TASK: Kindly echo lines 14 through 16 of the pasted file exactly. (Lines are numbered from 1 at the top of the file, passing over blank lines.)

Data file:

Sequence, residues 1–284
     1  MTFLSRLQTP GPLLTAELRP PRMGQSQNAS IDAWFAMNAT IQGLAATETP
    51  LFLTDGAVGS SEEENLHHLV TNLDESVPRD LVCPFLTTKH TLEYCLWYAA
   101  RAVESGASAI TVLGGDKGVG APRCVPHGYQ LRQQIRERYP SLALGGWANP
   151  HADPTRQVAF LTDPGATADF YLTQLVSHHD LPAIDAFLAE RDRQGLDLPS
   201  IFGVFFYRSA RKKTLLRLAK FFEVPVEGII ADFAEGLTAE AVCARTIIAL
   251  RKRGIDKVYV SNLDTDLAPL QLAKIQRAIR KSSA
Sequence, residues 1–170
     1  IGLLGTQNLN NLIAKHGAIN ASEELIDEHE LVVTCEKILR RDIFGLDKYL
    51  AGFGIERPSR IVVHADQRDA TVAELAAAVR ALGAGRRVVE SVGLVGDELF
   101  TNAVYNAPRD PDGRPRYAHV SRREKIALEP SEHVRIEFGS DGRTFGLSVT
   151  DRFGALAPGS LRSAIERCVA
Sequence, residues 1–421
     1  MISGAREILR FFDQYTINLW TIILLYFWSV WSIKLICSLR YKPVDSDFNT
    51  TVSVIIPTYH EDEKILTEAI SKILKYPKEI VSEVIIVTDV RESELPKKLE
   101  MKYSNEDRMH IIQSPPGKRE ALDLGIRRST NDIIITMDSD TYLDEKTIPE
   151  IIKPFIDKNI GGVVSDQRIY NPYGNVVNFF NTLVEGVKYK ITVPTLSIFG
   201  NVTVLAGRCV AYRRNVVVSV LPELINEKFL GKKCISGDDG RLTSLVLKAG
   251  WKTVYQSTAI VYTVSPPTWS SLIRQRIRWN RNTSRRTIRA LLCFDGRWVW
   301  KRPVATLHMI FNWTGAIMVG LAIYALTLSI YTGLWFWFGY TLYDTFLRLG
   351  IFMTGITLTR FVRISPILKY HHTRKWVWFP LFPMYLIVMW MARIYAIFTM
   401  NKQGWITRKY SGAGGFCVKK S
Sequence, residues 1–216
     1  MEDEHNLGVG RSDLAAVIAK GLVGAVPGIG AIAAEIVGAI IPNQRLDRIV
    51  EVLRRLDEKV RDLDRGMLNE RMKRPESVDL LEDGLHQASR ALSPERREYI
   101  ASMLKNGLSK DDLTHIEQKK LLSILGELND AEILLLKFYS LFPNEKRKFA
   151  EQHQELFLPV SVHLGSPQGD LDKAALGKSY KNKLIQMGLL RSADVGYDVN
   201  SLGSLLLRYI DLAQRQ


     1  MISGAREILR FFDQYTINLW TIILLYFWSV WSIKLICSLR YKPVDSDFNT
    51  TVSVIIPTYH EDEKILTEAI SKILKYPKEI VSEVIIVTDV RESELPKKLE
   101  MKYSNEDRMH IIQSPPGKRE ALDLGIRRST NDIIITMDSD TYLDEKTIPE